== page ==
Focus on the lens is almost as fast as the 12-60mm, and produces tack-sharp results throughout its range and nearly all f-stops, including wide open. If there's a con to the 50-200mm it's the size. It makes the 12-60mm seem petite by comparison. The size also makes me realize that this is the largest lens I'll get for the Olympus. Everything else is bigger and/or costlier; all the lenses in the Super High Grade line are too rich for my budget. But it's good that the 50-200mm is as good as it is. I'm certainly quite satisfied.

Olympus 9-18mm 1:4-5.6 ED

Unlike the first two lenses mentioned, I purchased the 9-18mm on Saturday from Colonial. As far as cost was concerned the price difference between on-line and Colonial was only $50. And they had it there on the shelf. And they let me try it out. That and the fact that Colonial's handling of the 12-60mm restored my faith and trust in the store and its staff. So on the way home from Greek Fest on Saturday I stopped back by Colonial and bought the lens. I do feel better that it was a local purchase with a local store. And they are an authorized Olympus reseller.

Colonial Photo and Hobby test

While I was playing around with the 9-18mm on my E-3 I took a quick shot of three of the staff (and another Olympus customer on the right edge). This was at 9mm. The gentleman on the far left was the individual responsible for personally expediting my 12-60mm repair. He was the one who called on Saturday to let me know it was in. I eventually purchased the 9-18mm from him.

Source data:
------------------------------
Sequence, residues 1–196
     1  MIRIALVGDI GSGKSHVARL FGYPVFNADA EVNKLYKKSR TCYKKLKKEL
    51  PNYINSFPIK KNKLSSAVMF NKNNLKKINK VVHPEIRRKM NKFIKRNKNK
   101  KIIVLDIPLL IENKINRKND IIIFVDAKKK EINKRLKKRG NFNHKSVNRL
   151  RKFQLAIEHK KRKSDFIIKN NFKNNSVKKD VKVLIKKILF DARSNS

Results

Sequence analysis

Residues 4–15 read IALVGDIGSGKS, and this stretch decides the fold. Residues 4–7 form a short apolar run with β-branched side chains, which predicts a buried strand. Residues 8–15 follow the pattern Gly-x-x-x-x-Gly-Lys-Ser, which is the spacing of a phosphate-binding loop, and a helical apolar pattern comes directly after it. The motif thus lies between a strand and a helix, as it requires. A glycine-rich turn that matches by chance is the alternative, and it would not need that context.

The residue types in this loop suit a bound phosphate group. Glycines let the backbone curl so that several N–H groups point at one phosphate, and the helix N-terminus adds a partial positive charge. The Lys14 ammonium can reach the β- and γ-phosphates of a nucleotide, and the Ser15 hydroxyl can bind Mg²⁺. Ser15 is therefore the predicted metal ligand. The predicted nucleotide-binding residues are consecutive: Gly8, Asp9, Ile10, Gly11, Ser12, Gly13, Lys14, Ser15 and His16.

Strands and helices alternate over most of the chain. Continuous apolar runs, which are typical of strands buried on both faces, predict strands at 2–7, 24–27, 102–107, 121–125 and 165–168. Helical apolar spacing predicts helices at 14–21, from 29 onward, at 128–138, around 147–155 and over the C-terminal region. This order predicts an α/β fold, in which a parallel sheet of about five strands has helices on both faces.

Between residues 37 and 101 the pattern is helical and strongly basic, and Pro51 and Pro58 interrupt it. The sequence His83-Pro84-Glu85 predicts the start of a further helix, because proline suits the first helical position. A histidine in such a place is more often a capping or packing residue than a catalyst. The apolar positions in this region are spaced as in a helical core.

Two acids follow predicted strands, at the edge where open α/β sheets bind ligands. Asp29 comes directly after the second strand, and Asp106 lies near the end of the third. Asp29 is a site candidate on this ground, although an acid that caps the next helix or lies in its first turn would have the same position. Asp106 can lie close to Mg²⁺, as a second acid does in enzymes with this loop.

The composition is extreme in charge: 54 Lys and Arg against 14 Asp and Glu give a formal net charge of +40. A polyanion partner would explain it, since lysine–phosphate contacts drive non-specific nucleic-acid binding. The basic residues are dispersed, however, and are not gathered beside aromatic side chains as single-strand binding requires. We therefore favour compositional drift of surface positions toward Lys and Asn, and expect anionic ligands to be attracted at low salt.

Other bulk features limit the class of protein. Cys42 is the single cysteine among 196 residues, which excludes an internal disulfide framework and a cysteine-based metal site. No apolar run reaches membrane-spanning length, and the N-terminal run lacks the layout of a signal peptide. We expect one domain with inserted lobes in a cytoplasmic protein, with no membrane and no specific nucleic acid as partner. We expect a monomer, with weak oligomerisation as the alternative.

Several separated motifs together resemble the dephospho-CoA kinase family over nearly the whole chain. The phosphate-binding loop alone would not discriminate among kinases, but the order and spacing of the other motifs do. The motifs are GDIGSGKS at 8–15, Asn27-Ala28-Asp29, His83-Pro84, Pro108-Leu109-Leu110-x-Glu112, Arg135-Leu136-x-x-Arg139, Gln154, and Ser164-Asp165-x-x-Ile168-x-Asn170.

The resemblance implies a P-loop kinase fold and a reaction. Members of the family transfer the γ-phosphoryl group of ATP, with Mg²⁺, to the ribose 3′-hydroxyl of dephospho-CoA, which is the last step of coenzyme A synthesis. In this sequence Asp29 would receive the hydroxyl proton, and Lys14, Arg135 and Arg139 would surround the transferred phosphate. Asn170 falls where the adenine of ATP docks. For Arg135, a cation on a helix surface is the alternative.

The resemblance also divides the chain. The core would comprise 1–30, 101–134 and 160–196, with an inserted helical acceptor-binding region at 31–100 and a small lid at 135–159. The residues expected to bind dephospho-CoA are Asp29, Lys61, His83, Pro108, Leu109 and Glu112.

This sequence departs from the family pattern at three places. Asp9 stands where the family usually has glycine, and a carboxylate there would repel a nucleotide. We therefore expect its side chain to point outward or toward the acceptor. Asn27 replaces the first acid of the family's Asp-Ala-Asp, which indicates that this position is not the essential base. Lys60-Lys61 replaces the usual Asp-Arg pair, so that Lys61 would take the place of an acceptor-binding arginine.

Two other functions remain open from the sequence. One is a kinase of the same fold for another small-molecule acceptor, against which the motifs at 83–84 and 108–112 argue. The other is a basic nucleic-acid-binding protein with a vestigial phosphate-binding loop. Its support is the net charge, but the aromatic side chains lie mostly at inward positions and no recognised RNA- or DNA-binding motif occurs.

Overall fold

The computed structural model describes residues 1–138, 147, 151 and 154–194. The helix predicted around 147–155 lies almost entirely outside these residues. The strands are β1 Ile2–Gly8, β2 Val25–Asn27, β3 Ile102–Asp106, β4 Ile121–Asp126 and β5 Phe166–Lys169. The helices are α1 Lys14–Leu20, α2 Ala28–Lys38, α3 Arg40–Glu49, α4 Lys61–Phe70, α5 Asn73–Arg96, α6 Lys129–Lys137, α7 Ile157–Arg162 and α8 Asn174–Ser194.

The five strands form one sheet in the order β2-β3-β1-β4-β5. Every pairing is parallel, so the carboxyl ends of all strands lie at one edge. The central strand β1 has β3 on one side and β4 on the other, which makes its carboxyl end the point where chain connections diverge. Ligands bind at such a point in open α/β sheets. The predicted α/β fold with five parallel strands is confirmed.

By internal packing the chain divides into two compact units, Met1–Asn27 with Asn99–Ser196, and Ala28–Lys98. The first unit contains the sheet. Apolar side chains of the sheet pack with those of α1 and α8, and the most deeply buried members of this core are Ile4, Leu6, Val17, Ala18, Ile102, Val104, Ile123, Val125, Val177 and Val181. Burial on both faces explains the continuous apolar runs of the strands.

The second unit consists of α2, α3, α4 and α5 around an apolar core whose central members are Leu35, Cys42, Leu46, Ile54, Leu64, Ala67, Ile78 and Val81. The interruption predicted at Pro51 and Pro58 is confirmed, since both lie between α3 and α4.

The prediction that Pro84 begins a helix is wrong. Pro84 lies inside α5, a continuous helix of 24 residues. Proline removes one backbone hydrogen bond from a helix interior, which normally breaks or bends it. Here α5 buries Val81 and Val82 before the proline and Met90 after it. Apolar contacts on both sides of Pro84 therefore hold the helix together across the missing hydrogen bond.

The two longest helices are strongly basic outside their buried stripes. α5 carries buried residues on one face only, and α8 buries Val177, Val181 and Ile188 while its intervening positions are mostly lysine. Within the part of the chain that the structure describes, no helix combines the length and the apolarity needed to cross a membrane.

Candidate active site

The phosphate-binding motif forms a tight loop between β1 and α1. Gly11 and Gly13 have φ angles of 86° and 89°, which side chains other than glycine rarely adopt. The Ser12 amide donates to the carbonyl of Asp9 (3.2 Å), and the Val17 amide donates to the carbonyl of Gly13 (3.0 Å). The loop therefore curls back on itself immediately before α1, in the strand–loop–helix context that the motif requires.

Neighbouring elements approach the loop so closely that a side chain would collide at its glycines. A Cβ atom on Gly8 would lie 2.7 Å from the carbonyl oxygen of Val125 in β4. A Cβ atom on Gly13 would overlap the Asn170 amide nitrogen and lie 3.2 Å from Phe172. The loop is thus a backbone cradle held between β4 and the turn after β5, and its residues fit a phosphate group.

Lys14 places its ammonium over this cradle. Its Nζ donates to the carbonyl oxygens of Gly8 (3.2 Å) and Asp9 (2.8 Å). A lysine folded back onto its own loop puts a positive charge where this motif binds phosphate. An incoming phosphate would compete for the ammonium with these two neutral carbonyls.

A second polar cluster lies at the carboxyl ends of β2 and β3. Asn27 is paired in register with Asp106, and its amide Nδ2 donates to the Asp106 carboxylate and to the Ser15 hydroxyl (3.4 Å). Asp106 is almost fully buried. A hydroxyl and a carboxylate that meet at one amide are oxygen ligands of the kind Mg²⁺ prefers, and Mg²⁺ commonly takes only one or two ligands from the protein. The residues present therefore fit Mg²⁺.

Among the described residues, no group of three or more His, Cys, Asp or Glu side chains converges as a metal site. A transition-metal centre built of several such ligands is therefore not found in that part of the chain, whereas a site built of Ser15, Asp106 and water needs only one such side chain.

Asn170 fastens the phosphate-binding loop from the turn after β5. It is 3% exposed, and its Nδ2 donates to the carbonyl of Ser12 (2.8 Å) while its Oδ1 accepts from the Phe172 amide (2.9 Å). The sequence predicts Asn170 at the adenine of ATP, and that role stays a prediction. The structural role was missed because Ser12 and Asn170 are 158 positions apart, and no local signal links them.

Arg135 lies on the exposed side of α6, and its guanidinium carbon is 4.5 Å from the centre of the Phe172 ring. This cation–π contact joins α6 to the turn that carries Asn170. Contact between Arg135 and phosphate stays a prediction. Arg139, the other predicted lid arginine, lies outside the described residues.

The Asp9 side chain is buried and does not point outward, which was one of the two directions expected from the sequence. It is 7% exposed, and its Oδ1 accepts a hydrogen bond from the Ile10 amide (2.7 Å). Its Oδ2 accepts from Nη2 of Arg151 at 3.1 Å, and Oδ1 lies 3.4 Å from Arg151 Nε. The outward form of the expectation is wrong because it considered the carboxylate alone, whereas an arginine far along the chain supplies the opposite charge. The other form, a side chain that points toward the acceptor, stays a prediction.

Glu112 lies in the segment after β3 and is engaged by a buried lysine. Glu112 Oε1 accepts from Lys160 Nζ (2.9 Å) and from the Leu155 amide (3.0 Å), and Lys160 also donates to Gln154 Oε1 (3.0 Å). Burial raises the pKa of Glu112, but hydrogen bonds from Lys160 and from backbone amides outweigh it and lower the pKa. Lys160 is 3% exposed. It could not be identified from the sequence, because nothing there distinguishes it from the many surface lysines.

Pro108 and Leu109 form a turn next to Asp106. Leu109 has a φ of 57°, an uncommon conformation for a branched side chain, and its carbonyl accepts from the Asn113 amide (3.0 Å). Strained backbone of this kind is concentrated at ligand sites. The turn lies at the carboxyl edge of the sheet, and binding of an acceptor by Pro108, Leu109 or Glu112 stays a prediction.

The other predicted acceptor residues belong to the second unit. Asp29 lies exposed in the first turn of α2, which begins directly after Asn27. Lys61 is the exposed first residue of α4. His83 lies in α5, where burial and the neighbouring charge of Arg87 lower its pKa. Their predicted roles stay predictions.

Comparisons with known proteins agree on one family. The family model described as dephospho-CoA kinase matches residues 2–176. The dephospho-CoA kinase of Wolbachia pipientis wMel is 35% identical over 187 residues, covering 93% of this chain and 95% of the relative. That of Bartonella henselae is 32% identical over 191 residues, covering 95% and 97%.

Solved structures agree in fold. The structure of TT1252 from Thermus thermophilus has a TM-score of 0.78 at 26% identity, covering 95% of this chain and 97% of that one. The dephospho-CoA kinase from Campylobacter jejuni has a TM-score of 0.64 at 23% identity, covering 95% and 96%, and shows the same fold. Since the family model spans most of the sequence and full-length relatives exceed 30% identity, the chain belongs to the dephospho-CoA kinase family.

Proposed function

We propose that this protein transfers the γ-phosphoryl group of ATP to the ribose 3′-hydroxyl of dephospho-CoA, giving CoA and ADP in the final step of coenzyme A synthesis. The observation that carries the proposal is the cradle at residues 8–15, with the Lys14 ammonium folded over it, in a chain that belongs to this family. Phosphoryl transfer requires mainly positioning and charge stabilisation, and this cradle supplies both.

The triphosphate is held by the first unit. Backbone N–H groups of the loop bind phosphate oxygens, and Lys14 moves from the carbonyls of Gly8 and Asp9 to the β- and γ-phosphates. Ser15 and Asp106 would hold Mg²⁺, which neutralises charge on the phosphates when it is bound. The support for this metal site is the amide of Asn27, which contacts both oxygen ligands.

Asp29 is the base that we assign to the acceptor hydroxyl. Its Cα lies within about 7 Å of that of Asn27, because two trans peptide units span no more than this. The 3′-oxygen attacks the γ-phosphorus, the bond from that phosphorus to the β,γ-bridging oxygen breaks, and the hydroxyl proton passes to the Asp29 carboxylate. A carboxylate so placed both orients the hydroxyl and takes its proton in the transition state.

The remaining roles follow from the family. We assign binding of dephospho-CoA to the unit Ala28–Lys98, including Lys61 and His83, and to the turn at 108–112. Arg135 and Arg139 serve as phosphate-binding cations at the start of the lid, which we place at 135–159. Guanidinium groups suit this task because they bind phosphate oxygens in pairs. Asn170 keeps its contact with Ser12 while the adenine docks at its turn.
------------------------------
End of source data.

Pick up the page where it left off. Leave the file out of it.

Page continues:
Close up of the back of my 12 to 60

The photo above illustrates two features of the lens. First is the close focusing of the lens. That's the back of my 12-60mm on the counter shot with the lens at 18mm. The front element is mere inches from the lens bayonet. The second is that even at 18mm the lens has noticeable bokeh. I'm no bokeh fanatic (in fact I can't stand the over-emphasis that seems to grip so many forums), and I intend to use the lens so that it never really shows, but I was still impressed by the quality of the 9-18mm even wide open.

The 9-18mm is from the Standard line. That means it's not splash-proff like the 12-60mm and 50-200mm. But it's fit and finish are still quite high and it's compact. Although I've only had a chance to use it for two days, I've shot enough to come to the realization that I made the right choice in getting this lens instead of the costly 7-14mm f/4. The 7-14mm is three times the cost of the 9-18mm. Considering the circus over the nick on the 12-60's front element, I think I'd have cardiac arrest if I owned that lens and something were to happen to it's big bulging front element. No. As wonderful as the 7-14mm may be, the 9-18mm is an excellent performing and quite practical lens, and for me gives excellent value.


I believe the E-3 system I've put together is the best camera system I've ever owned. I appreciate the quality and the workmanship of every individual piece. I appreciate the output of the lenses as well as the sensors in the body. It's an awful lot of fun to use. I'll never be a pro, and if you have need one then look elsewhere. For me, Olympus is well more than enough camera. I'm going to have a lot of fun learning how to get the most out of system, and if it lives as long as some of my film cameras have then it'll still be a good camera for my girls and their kids.

As for Ruby, I still love her. She still romps around the place and her little psyche doesn't show any permanent damage. But she has certainly learned to avoid the E-3 like the plague.